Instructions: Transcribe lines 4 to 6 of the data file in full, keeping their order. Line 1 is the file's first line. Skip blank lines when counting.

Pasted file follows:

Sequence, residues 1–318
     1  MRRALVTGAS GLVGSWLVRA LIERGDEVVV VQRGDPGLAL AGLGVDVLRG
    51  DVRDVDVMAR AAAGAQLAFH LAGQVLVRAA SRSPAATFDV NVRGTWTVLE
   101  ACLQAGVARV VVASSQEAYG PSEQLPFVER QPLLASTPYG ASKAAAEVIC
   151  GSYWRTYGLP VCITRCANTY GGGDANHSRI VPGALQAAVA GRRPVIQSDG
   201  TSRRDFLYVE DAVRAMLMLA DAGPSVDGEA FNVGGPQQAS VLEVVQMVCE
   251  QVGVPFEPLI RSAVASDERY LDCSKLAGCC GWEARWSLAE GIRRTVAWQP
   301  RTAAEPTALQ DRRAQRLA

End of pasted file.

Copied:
   101  ACLQAGVARV VVASSQEAYG PSEQLPFVER QPLLASTPYG ASKAAAEVIC
   151  GSYWRTYGLP VCITRCANTY GGGDANHSRI VPGALQAAVA GRRPVIQSDG
   201  TSRRDFLYVE DAVRAMLMLA DAGPSVDGEA FNVGGPQQAS VLEVVQMVCE